Book & Film Reviews: Issue #59
Before We Was We
Written to mark their 40th anniversary as a group, Before We Was We, the first official Madness book, is the story of the Nutty Boys’ journey from youth clubs to the Top Of The Pops studio.
Featuring the accounts of all members of the band, it details how a bunch of self-proclaimed “hoolies and urchins” came together in classrooms, clubs and concerts whose mutual interests in music, fashion, films and culture bonded them into the pop/ska-meisters who’d later inspire a generation of ragtag acolytes to join their house of fun.
Brimming with tales of petty crime, ducking and diving, and cheeky exploits aplenty, it’s a coming-of-age story much more than a band biography. It revisits a bygone time and place where Suggs and co. would zip around Camden Town in Morris Minor vans, hang out in dilapidated bombed-out buildings, on deserted street corners and boys clubs, before setting about following the career trajectories of the idols they watched on TOTP every week.
Often hilarious, often heart-warming, Before We Was We is recounted in a distinctive, charming style which makes it impossible not to champion the group and rejoice in their eventual success, wishing you could be part of their gang. – 8/10
It may be almost four years since the release of her last album Anti, but in that time Rihanna has been busy building an empire. However, for the large portion of her fanbase who couldn’t care less about lipstick or lingerie, the wait for a new record has been frustrating to say the least.
While new music is still yet to surface, Rihanna – described by its creator as “a visual auto-biography” – is enough to suffice until the album materialises.
Despite a hefty price tag (it’s available in three editions, with a an RRP of £120, although you should be able to pick it up cheaper), the book fulfills its promise of being the ultimate visual statement of the star’s life and career to date. With 500+ oversize pages and more than 1,000 images, this is much more than her Instagram feed packaged between hardback covers. Beautifully presented as collages, fold-outs and artistic portraits, it’s an access-all-areas pass to the singer.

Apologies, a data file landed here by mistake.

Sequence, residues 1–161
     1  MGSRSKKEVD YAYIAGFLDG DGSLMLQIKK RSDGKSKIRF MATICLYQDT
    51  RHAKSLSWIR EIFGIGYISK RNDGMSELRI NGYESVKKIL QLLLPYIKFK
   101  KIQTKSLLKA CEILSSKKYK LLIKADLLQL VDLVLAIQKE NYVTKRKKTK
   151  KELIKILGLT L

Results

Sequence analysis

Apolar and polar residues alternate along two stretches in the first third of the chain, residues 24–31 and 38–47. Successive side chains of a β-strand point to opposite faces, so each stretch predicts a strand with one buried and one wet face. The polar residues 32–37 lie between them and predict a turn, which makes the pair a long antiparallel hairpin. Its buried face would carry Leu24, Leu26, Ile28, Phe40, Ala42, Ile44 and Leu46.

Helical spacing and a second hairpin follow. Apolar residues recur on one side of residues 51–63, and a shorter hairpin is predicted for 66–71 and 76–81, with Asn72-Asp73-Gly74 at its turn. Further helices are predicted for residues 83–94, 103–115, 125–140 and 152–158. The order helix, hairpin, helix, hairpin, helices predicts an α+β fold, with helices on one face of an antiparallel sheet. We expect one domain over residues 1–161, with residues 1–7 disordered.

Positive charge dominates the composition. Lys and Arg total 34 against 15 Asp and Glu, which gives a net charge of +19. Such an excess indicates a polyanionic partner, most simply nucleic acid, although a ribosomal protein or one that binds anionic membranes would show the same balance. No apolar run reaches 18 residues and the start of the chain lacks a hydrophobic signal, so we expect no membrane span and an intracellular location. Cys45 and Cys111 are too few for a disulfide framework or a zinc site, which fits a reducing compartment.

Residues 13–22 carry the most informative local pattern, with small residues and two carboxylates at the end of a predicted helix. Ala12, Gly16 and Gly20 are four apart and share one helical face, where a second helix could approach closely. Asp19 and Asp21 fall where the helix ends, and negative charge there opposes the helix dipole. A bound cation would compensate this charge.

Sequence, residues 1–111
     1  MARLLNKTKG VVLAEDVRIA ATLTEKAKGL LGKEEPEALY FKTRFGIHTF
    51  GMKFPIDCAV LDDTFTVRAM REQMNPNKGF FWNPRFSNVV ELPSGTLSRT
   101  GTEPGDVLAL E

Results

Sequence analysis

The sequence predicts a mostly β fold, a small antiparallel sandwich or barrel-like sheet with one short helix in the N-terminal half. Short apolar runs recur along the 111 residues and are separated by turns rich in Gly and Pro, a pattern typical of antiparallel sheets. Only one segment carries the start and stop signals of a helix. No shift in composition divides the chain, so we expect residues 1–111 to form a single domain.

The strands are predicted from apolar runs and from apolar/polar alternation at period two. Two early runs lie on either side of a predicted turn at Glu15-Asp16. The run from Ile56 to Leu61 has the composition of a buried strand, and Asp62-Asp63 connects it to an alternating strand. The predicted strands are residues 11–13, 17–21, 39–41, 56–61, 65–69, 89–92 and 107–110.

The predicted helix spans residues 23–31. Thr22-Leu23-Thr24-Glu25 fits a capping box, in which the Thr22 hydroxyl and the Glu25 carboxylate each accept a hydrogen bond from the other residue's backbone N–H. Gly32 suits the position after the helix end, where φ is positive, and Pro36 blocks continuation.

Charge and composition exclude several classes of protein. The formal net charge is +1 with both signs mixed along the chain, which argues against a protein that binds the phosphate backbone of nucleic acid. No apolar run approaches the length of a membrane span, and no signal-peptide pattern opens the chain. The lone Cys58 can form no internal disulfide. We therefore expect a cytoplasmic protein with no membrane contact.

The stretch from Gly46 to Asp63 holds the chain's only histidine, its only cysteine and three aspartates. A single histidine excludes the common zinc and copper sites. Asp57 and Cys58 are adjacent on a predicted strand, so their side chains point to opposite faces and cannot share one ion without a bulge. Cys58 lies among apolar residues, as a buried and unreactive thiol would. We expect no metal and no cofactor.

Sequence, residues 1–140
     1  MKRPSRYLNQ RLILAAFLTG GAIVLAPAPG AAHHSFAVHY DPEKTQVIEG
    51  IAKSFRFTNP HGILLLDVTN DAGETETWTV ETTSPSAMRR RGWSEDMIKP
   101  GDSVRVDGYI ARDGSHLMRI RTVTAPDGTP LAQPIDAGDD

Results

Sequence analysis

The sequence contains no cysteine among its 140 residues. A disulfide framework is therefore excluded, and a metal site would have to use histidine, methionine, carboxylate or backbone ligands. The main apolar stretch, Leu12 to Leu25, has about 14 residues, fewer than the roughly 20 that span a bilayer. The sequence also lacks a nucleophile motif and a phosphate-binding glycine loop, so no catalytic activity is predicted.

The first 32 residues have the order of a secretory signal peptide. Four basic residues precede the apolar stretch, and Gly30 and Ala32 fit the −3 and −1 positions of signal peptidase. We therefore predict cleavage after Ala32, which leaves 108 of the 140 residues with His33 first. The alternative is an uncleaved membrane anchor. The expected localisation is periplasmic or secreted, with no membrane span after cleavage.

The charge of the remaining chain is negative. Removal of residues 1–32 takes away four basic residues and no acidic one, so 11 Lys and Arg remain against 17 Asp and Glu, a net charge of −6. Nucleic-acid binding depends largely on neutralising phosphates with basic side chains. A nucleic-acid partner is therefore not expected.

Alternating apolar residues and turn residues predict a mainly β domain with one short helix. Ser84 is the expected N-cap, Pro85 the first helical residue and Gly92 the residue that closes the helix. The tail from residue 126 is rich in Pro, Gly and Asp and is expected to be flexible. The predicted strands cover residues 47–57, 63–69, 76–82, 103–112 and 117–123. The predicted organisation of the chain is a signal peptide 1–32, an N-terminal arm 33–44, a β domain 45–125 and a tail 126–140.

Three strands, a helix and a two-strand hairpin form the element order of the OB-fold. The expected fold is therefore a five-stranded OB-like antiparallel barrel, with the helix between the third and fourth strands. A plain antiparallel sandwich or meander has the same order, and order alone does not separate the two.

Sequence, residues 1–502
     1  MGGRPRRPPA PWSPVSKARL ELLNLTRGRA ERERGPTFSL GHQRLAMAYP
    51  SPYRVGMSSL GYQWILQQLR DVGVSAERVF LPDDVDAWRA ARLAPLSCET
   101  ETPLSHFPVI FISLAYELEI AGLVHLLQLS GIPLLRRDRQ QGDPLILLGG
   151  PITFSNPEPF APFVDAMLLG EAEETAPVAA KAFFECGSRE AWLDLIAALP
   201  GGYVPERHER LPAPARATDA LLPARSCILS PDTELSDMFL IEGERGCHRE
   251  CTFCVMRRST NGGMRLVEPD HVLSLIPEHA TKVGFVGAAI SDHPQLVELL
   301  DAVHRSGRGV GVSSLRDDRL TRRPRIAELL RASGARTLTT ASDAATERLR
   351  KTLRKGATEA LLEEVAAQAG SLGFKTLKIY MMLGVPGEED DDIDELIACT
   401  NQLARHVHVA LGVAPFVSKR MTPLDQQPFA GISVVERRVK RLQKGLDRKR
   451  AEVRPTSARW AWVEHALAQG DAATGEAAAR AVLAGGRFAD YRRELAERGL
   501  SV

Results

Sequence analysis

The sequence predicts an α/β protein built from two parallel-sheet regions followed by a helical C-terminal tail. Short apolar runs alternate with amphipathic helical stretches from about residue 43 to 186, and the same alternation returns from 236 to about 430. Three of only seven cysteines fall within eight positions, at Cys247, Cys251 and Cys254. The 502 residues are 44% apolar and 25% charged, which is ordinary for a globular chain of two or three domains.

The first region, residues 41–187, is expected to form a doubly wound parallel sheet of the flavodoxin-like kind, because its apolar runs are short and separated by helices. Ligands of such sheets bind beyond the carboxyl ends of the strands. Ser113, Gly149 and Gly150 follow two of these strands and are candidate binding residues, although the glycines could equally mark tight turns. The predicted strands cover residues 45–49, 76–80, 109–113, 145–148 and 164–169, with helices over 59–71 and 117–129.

Personal snapshots of the off-duty superstar sit alongside countless magazine editorials that have established her as her generation’s most influential fashion icon. Meanwhile, electrifying images of her onstage and in performance juxtaposed with shots backstage and in the studio provide a unique insight into the woman and the artist. A new LP would be nice, though… – 10/10
Just Kids: Illustrated Version
Almost a decade since it topped best-seller lists around the world, Patti Smith’s Just Kids is re-released in a new illustrated format to include examples of the work that she and artist soulmate Robert Mapplethorpe tirelessly created amidst their poverty-stricken pursuit of success.
An exquisite depiction of the bonding of two vagabond hearts that were at times friends, lovers and muses to each other, the book follows them through their hand-to-mouth existence in late-60s New York as dreamers owning their first Brooklyn apartment and time spent living at New York’s infamous bohemian mecca, the Chelsea Hotel.
As artful as anything Patti or Robert created, the original Just Kids book is a beautifully crafted ode to the Big Apple’s bygone era where free spirits could survive on next to nothing, nourished only by their creativity. The book brought that time and place to life thanks to Smith’s sublime prose. The addition of artwork and photographs of the artists and their haunts only serves to inject colour into the gritty realism she conveyed so eloquently in her text.
A book about love, friendship, art, hope and a tireless work ethic, Just Kids is the ultimate aspirational story for anyone daring to follow their dreams in pursuit of a life which is beset by struggle but ultimately enriched by the pair’s creative vision. A classic. – 10/10
Hitsville: The Making of Motown
Benjamin and Gabe Turner
Commemorating the 60th anniversary of arguably the greatest record label of all time, Hitsville: The Making Of Motown traces its roots to the factory floor of Detroit’s Ford car plant where Berry Gordy translated the production line process to the music business, creating a brand whose social voice was as influential as its musical one.
As an officially endorsed documentary, Hitsville’s slightly biased viewpoint is compensated for by access to Motown’s major players – Gordy himself, Stevie Wonder, Smokey Robinson, Martha Reeves, the Funk Brothers and Mary Wilson all give new interviews. The film’s main draw, however, is the previously unseen archive footage – backstage with The Supremes, in the studio with Marvin and Stevie, rehearsing with The Jacksons and even audio recordings of Motown business meetings.
In fact, even though the story is told in detail, how Gordy turned a suburban house into Motor City’s musical mecca and how Motown transformed the visibility and perception of black music and the social climate, it still barely scratches the surface of the story. And therein lies the film’s only flaw – it isn’t long enough. With access to the stars and the Motown archives at their disposal, to really tell Motown’s story, only an in-depth series would truly do it justice. – 8/10